Rules and Regulations
Tort Trial & Insurance Practice Section
Law Student Writing Competition
The goal of the competition is to encourage and reward law student writings on legal subjects within the scope of the Section and of general and current interest. It is also designed to attract students to the civil trial, tort and insurance fields, and to strongly encourage scholarship in these areas.
Rules concerning the competition are as follows. The dates shown will change each year.
1. The competition is open to any law school student in good standing, over the age of 18, who is currently attending an ABA-accredited law school within the United States and its possessions. All authors must be members of the American Bar Association Law Student Division at the time of submitting the entry. Employees of the ABA, and its respective affiliates and immediate family or household members of such employees are not eligible.
2. Papers should address an essay on a current topic in a legal area covered by one of the Section’s substantive law committees. The Section will interpret the scope of the subject broadly to ensure that the Competition affords the greatest degree of flexibility in writing on these subject areas. The Tort Trial and Insurance Practice Section covers a wide variety of practice disciplines. Without attempting to define the area precisely, the subject is intended to include, but not be limited to, matters within any of the following areas: Admiralty and Maritime Law, Animal Law, Appellate Advocacy, Automobile Law, Aviation and Space Law, Business Litigation, Commercial Transportation Litigation, Employee Benefits, Employment Law and Litigation, Environmental Law, Excess Surplus Lines and Reinsurance, Fidelity and Surety Law, Government Law, Health and Disability Insurance Law, International Law, Insurance Coverage Litigation, Life Insurance Law, Media, Privacy and Defamation Law, Medicine and Law, Products Liability, Consumer Law, Professionals’, Officers’ and Directors’ Liability Law, Property Insurance Law, Insurance Regulation , Technology & Law, Title Insurance Litigation, Toxic Torts, Workers’ Compensation and Employers’ Liability Law, and Trial Techniques.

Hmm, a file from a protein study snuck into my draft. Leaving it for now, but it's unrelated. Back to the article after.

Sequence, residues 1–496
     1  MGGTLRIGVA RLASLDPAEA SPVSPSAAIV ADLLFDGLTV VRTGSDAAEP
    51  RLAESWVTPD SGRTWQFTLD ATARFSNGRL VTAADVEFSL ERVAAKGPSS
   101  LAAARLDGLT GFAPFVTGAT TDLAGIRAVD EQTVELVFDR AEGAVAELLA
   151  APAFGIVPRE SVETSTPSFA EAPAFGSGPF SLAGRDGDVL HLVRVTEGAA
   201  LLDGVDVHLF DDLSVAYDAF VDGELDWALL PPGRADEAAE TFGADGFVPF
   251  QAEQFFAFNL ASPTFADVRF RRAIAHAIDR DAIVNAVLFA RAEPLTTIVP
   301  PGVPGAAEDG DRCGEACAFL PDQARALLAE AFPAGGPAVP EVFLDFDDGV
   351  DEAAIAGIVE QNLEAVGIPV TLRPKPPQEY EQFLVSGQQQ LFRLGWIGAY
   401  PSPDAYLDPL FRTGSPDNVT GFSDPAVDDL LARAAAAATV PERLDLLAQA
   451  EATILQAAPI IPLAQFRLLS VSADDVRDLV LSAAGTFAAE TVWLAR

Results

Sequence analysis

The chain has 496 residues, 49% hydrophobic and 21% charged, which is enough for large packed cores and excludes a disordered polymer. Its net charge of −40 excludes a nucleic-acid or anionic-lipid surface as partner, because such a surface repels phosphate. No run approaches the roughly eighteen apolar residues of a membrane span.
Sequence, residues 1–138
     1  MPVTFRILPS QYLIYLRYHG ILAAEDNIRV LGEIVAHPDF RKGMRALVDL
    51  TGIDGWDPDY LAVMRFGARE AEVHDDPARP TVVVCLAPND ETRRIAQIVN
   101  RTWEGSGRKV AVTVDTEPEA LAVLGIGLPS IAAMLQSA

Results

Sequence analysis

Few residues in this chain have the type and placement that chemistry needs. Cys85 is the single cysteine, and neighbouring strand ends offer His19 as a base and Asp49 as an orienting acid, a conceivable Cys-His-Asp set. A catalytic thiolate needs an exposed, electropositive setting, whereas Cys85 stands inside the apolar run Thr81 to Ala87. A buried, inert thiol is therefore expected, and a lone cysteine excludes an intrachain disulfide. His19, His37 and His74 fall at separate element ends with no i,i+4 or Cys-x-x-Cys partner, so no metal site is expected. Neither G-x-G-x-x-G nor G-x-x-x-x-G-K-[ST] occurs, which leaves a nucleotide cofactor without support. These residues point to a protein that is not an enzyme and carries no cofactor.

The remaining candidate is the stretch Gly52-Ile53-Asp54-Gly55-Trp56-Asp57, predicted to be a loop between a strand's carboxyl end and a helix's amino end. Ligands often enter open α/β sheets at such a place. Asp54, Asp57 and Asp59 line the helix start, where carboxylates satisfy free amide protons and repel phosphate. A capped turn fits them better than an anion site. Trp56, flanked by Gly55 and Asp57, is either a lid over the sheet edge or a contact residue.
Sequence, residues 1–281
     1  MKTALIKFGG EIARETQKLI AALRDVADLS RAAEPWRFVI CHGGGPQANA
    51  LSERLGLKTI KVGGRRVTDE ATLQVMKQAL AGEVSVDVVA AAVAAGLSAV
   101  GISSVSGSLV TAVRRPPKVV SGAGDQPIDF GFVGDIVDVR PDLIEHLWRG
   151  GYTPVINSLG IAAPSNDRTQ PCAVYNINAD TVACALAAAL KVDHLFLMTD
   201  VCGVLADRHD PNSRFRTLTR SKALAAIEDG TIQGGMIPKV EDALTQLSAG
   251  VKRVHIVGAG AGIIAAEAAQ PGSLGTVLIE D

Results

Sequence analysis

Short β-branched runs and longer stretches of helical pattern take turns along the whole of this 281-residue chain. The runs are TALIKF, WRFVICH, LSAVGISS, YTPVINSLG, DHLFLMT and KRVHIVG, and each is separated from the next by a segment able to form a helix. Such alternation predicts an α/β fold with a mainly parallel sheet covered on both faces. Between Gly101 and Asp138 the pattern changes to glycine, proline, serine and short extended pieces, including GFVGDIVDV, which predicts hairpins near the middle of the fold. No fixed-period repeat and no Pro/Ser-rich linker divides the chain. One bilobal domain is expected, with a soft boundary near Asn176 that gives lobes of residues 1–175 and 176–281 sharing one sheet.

Entrants are encouraged to write on subjects of national interest, not state specific issues. Entrants must submit their own original essay. Failure to submit an original essay will result in its disqualification and the selection of a new winner.
3. Essays must be submitted by e-mail to firstname.lastname@example.org.
4. Essays must not exceed 35 pages of double-spaced typed text, including footnotes. Only one essay is to be submitted for each entrant. Entrants should write essays in traditional law review style, presenting a scholarly discussion with full citation to authority in footnotes. Lengthy lists and outlines normally are not appropriate within the text of an essay, however, they may be included as appendices to a textual discussion. For example, if the law of all states on a subject is surveyed, the essay may compare analytically how and why the law differs between jurisdictions. A listing of the law by jurisdiction within the body of the essay would generally not be appropriate. If such a listing of the law by jurisdiction would be of particular value to the reader, it may be included in an appendix to the essay. Entrants should write essays in the active voice and in the third person. Essays should conform to the 17th edition of The Bluebook—A Uniform System of Citation.